We got on really well as a tour group, so we arranged to go out for dinner later… and this is where the cultural slant of San Pedro (pretty much) ends. We met an amazing girl, Amelie, on the tour, who became our partner in crime extraordinaire! Weirdly turns out we’d met before as she’d checked us into a hostel whilst volunteering in Puerto Varas, so it was clearly fate! We went out for dinner that night with Nico et al, but it was us three that became the infamous party crew. After the group dinner, we peeled off and bought a couple of 1.5L bottles of red wine and found somewhere to sit on the street to keep drinking (a concrete enclave we nicknamed our bar). Then, after gaining and losing a few others, we hit the ‘beach’ after party, which was basically an amazing after hours weekend party in the middle of the desert. We stumbled into the dark of the desert from the main strip and were soon offered a lift by a pick-up truck so we jumped into the back (along with a Belgian trapeze artist we’d met) and before we knew it we were in the middle of the desert, a huge fire roaring, and tons of hippies dancing around with drums and guitars. We spent a few hours drinking and chatting in front of the fire, but Sam was a little too merry and kept wandering off (not the best idea in a desert!) so Amelie and I had to keep tabs on him (it was a quick bonding process…!) and by about 4 or 5am we were ready for home time.

Giant wine and nights out with Amelie. The beginning of the end…

The next day we experienced THE WORST HANGOVER OF OUR LIVES. Imagine a truly terrible hangover. Then imagine the most dehydrated you’ve ever been. In one of the driest places on the planet. Combine the three and multiply by infinity. It was bad. Sam hurled. But alas, we still had things to do. We’d planned to start our Salar de Uyuni Tour from San Pedro (a common route) so we had to book it – and given the town’s tiny scale and the scarcity of recommended agencies in the LP, this proved surprisingly easy. Afterwards, we rewarded ourselves with a delicious set menu lunch that included ribs and roasted potatoes (but also some kind of weird bubbling orange and courgette soup…less good). For a desert town, San Pedro has a weirdly swanky restaurant scene!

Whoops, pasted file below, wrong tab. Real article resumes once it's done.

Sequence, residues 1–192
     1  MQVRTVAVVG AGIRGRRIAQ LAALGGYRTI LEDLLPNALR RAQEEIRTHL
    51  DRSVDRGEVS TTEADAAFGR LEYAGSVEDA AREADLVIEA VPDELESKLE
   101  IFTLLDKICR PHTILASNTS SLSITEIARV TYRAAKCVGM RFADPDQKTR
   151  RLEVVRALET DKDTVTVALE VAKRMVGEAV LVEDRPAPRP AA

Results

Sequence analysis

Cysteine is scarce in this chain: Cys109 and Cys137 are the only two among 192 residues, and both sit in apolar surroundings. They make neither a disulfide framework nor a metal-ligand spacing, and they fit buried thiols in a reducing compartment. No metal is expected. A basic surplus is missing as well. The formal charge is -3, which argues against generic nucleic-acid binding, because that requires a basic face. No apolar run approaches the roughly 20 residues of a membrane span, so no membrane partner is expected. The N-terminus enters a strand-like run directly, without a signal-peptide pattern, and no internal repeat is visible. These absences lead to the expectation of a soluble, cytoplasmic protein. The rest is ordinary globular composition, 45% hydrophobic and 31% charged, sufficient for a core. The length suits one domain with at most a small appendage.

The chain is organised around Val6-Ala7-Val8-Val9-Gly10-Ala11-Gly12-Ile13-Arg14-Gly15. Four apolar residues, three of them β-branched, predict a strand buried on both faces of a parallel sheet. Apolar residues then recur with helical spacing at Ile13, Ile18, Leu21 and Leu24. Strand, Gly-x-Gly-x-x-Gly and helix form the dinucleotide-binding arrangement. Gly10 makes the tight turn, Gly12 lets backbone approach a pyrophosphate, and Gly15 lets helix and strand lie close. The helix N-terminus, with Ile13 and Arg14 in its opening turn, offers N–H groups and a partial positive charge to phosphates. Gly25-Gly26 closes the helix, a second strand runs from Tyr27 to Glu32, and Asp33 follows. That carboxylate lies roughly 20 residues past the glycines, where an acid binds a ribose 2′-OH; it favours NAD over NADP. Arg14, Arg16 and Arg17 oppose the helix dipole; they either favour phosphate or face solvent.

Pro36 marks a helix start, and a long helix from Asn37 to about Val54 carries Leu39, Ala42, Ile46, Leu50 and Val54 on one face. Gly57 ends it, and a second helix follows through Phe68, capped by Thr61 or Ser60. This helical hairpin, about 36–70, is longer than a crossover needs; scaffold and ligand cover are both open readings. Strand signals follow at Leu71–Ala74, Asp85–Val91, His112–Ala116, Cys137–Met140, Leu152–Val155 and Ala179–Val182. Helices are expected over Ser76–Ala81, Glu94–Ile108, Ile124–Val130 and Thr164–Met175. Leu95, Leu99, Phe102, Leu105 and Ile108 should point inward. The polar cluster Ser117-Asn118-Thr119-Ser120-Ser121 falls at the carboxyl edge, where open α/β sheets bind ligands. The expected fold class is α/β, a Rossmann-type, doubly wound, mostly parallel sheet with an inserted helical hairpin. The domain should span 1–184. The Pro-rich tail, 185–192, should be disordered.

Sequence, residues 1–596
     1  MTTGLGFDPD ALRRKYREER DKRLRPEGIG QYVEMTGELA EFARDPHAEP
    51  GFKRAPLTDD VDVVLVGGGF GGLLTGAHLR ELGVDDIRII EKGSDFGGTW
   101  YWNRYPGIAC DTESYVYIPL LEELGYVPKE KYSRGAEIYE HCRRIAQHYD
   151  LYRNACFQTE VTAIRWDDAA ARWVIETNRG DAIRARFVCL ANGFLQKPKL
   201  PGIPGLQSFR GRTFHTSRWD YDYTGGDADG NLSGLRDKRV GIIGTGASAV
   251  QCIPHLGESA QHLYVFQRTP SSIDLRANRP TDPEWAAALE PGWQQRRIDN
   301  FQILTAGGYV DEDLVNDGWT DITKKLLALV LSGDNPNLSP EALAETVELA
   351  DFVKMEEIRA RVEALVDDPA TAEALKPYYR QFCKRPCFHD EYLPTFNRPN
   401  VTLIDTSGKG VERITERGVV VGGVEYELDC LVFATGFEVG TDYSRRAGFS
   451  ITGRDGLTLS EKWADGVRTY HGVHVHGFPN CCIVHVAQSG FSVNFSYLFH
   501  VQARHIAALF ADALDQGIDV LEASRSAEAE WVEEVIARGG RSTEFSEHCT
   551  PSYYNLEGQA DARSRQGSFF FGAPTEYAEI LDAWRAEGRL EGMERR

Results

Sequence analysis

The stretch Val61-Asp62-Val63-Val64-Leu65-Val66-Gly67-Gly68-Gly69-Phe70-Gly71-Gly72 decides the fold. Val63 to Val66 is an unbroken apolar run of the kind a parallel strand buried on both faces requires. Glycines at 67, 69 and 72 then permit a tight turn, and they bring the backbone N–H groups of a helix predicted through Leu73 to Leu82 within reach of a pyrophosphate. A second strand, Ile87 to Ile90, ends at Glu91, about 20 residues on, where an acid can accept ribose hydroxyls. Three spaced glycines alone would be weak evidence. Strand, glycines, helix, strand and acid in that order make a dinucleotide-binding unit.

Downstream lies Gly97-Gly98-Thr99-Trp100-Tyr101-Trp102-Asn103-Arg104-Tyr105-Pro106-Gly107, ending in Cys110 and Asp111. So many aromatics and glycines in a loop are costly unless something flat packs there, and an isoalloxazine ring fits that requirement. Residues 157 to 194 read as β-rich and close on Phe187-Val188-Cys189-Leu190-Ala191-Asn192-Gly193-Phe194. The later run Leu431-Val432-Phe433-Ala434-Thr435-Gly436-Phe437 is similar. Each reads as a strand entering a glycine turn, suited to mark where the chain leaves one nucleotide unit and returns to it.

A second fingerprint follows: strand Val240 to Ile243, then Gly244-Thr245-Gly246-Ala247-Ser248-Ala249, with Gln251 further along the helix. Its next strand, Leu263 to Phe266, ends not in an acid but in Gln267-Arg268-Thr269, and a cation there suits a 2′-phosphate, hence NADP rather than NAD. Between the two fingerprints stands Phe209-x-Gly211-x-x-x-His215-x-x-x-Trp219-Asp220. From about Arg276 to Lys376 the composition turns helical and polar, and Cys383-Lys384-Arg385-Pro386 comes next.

Hangover ribs: a necessity

After being invited by the Belgian trapeze artist to go check out the circus for free, me and Amelie decided to pop along (whilst Sam was busy hurling) and OH MY GOD, it was so good. We didn’t stop talking about it all day, and I’m not generally a circus fan. The choreography, THE OUTFITS, the creativity. There was fire juggling, insane hula tricks, flying trapeze, kids on motorbikes driving around a globe (wall of death style), trampoline, cute horses and dogs doing (animal friendly) tricks, amazing music, INSANE perfect bodies, great compering/clowning..We basically clapped and marvelled solidly for two hours.


San Pedro also ended up being the town of reunions, as we bumped into old friends Rosie from Pucon and also Tom and Jen who we met really early on on our W Trek (and later in El Calafate!) so we had a really nice catch-up lunch with them, and had planned to go sandboarding but Hangover From Hell 2 got the better of me (after another booze fuelled night of drinking in the hostel, on the street and on the ‘beach’!) On our second night of debauchery we got told off by the police for drinking an open bottle on the street, whilst daubing our faces in glitter. Smooth!

San Pedro by night

On our last day in San Pedro, all we had to do was plan for the salt flats (buy lots of water, snacks, toilet paper) but this seemed a near-impossible feat, but Amelie helped us through (with regular stops for icecream and Inka Kola, the best drink ever invented… think bubble-gummy Irn Bru but a million times better) and we spent our last night drinking red wine with strawberries (Nico’s suggestion – surprisingly nice!) in our hostels with Amelie and Nico, and sharing various empanadas from the Red Deli (our fave) and a huge meaty llama empanada from a nearby restaurant.

Inca Kola: we are now clinically addicted.

Last night japes with Nico and Amelie

It was a very emotional goodbye when we finally called it a night at 2ish, as we were being collected for the Salt Flats at 6ish the following day. Excited by what was to come, but very sad to say goodbye to Amelie, we prepared to cross the border into Bolivia….